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    #1

    guests young and old vs. young and old guests

    I came across the following sentence in an Americannewspaper.

    "Guests young and old ended up loving the fun socks they were given at theparty."

    Does it make any difference if they say "young and old guests"instead of "guests young and old?"



  1. MikeNewYork's Avatar
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    #2

    Re: guests young and old vs. young and old guests

    No, not really. But I prefer the original.

  2. Raymott's Avatar
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    #3

    Re: guests young and old vs. young and old guests

    Yes, it makes a difference. This use of "young and old" is an idiom meaning "everyone, every age".
    But if only "young and old guests" liked the socks, maybe the middle-aged guests didn't - since this doesn't carry the wider idiomatic meaning.

  3. 5jj's Avatar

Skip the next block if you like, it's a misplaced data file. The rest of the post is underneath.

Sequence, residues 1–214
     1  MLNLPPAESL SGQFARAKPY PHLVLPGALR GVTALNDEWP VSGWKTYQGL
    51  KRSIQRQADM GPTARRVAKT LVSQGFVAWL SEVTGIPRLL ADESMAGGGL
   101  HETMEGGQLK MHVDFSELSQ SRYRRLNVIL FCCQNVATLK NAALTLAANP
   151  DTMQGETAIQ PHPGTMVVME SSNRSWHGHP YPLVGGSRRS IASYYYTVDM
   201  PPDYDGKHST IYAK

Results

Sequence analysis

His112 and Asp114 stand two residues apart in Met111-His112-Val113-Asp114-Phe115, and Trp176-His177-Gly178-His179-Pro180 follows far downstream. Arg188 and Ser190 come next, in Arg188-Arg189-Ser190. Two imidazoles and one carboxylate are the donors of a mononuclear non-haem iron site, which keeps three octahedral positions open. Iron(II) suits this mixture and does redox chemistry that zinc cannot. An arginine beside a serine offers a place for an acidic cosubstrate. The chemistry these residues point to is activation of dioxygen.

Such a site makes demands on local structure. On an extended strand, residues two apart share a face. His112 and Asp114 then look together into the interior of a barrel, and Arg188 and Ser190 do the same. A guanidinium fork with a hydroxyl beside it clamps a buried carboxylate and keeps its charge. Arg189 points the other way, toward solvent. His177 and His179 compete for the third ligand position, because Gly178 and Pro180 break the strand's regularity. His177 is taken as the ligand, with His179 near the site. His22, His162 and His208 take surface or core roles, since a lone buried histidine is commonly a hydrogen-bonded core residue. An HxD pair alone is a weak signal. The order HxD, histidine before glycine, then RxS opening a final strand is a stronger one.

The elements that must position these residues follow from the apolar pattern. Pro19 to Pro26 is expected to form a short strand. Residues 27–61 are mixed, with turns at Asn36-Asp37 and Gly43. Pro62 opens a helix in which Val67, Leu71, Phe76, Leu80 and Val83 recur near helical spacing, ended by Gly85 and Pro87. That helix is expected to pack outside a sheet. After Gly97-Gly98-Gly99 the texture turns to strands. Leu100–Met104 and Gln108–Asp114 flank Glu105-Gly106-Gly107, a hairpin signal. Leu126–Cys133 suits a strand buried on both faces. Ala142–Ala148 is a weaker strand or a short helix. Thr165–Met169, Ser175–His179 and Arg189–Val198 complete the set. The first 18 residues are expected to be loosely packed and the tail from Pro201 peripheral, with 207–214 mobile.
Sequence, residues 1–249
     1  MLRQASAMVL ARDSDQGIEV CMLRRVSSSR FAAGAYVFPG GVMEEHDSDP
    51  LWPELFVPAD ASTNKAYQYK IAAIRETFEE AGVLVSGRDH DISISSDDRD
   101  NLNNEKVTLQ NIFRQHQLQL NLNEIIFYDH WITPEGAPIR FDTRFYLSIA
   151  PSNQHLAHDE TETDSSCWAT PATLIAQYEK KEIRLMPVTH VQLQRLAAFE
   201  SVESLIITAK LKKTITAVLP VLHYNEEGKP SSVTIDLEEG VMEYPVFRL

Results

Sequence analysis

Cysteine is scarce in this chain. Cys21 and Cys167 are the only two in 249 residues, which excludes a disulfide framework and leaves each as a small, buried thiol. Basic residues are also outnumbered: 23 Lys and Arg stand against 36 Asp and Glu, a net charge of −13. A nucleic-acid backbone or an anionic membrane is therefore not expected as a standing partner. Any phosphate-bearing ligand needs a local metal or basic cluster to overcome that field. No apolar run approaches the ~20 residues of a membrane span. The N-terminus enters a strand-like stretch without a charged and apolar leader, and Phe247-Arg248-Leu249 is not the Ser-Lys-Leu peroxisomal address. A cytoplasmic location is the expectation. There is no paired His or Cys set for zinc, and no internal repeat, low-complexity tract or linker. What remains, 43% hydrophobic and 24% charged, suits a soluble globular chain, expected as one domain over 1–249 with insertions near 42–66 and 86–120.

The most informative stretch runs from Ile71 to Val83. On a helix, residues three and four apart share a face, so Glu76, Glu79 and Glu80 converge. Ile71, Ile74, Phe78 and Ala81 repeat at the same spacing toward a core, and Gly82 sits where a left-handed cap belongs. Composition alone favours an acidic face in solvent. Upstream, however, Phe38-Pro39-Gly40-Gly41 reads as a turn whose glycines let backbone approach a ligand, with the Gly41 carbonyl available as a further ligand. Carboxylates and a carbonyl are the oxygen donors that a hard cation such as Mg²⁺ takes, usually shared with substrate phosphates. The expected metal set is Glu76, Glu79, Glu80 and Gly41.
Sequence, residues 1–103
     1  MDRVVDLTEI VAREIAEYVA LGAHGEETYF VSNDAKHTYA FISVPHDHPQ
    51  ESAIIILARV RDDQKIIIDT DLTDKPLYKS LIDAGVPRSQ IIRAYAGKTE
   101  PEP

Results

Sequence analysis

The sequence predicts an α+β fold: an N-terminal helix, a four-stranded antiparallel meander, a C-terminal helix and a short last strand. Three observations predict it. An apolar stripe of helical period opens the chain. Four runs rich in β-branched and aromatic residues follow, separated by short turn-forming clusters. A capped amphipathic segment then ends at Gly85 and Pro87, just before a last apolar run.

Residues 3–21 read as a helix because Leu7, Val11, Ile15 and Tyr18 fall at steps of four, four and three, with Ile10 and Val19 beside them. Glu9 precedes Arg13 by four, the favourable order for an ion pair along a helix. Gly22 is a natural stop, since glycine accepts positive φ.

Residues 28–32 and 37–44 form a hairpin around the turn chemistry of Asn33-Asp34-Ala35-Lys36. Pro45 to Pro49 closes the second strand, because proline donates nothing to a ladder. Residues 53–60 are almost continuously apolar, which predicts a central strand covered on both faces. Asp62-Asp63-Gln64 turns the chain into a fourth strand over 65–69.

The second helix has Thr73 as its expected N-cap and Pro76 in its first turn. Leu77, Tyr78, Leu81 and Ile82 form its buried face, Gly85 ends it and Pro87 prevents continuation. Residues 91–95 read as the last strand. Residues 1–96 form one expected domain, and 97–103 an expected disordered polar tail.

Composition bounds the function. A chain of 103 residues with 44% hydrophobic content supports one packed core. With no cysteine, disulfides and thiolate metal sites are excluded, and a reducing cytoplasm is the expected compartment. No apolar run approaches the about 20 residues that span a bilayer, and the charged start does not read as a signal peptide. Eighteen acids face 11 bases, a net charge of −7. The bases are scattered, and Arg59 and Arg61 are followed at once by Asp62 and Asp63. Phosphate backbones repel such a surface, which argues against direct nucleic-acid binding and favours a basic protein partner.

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    #4

    Re: guests young and old vs. young and old guests

    It's not 'old and new' that's the idiom in my opinion; it's noun, adjective and antonym' as in "Inside the exhibition hall, there is a trade show of Cerdedo tastes, old and new", one of several examples I found here.

  4. Raymott's Avatar
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    #5

    Re: guests young and old vs. young and old guests

    Quote Originally Posted by 5jj View Post
    It's not 'old and new' that's the idiom in my opinion;
    Alright, it's "guests, young and old" that is the idiom. The reason I didn't state it that way was that "guests" is not an integral part, ie. it's "<nouns>, [both] young and old" that is the idiom. I suppose you agree that "Young and old <nouns>" doesn't measure up.

  5. 5jj's Avatar
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    #6

    Re: guests young and old vs. young and old guests

    I agree that "Young and old <nouns>" doesn't measure up.

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